Preview of a ‘Different’ film reveals similarities between rich and poor

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Ron Hall brought a Jackson Convention Complex audience to tears Tuesday as he recalled meeting Denver Moore.

The best-selling author, screenwriter and film producer explained to the hundreds gathered for the Make a Difference Lunch, presented by the Community Foundation of Greater Jackson, how his encounter with the homeless man changed his life and inspired his first book, Same Kind of Different As Me, a story of hope, forgiveness and redemption.

The movie adaptation will be released in theaters Oct. 20 by Paramount Pictures and Purflix Entertainment.

“Our story really is about black and white, wealth and poverty,” Hall said. “But our story gives hope to a nation of how we can all come together.”

“Though he was poor and though he was homeless, he saved me.”

In Same Kind of Different As Me, Hall (portrayed by Greg Kinnear) is an international art dealer living in Dallas, but his home life is not nearly as fulfilling as his professional one. His marriage and his relationship with his estranged alcoholic father (Jon Voight) are falling apart. When his wife, Debbie (Renée Zellweger), discovers his infidelity, she digs deep to forgive him – on the condition that he join her in volunteering at a local homeless shelter in order to put some shared purpose back in their marriage.

The film, which was shot in Mississippi, was one of the last multi-million-dollar budget films to take advantage of all three rebates offered by the Mississippi Motion Picture Incentive Program.

“We came and sat down with the governor of Mississippi and he offered us a deal we couldn’t refuse,” said Hall.

The non-resident payroll portion of the incentive program, which offered a 25 percent cash rebate on payroll paid to cast and crew members who were not Mississippi residents, expired on July 1 and was not extended by the Legislature this year. The Department of Revenue will not issue any rebates for non-resident productions submitted after June 30.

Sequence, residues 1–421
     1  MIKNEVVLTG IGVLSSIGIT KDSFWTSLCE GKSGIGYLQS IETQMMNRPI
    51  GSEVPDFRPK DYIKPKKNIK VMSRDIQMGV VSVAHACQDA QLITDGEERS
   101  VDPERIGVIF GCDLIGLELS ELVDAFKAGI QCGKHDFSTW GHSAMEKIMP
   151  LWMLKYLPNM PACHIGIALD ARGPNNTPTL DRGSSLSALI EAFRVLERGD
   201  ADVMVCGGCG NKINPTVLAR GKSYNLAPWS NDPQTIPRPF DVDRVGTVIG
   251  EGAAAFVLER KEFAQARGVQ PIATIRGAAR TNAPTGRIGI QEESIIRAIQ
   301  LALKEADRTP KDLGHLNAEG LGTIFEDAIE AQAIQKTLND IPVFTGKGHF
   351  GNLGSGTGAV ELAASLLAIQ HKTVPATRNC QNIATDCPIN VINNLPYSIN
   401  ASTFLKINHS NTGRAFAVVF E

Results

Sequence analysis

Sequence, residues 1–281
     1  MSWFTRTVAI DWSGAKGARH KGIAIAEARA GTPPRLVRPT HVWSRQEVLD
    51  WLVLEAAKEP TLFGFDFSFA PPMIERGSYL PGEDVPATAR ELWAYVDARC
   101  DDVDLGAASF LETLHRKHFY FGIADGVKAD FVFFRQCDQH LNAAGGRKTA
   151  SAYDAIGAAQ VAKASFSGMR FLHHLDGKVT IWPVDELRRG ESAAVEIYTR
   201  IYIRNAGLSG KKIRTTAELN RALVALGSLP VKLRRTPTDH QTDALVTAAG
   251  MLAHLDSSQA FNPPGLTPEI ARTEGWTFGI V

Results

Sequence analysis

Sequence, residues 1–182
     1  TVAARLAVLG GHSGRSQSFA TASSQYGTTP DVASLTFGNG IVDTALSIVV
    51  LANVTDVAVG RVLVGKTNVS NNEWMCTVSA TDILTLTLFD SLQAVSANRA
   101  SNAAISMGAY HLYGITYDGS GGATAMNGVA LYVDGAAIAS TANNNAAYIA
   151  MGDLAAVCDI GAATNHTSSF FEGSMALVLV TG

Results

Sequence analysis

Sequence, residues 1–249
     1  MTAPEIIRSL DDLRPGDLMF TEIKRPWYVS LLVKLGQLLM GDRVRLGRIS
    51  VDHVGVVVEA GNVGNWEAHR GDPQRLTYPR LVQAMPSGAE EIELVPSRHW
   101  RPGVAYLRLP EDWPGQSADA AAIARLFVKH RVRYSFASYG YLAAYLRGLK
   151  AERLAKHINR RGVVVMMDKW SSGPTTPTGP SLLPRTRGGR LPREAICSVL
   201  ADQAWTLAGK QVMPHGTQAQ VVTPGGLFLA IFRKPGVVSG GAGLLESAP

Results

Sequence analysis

During location scouting for the film, Hall’s team discovered the Central United Methodist Church community center on Farish Street in Jackson, which had been vacant for years.

The Rev. David McCoy was reluctant when Hall inquired about remodeling the community center for the film because so many others before Hall had proposed rehabbing the center.

“After 28 years of empty white people’s promises to make that place a better place, they decided to trust in God and not those professing him. And they preferred cash,” Hall said, drawing laughs from the audience.

Hall raised $20 million to remodel and reopen the mission center for the homeless in the community.

In the film, as Ron Hall struggles to find the same joy that his wife experiences in helping the less fortunate, the couple meets Denver Moore (Djimon Hounsou), a homeless man served by the shelter. Moore’s tough exterior, built over decades of accumulated injustice, masks a gentle heart. Motivated by a dream, Debbie Hall pushes Ron to become friends with Moore, convinced they have what it takes to discover a life-changing friendship and ultimately heal each other’s wounds. But just as her plan begins to bear real fruit, tragedy strikes.

“We wanted to create a film that would not only entertain the people sitting there, but also let them leave profoundly changed,” said Hall.


Proceeds from Tuesday’s Make a Difference Lunch will benefit Stewpot Community Services, the Gateway Rescue Mission and the Everybody Can Help Somebody Foundation in order to better serve homeless communities across the city, state and nation.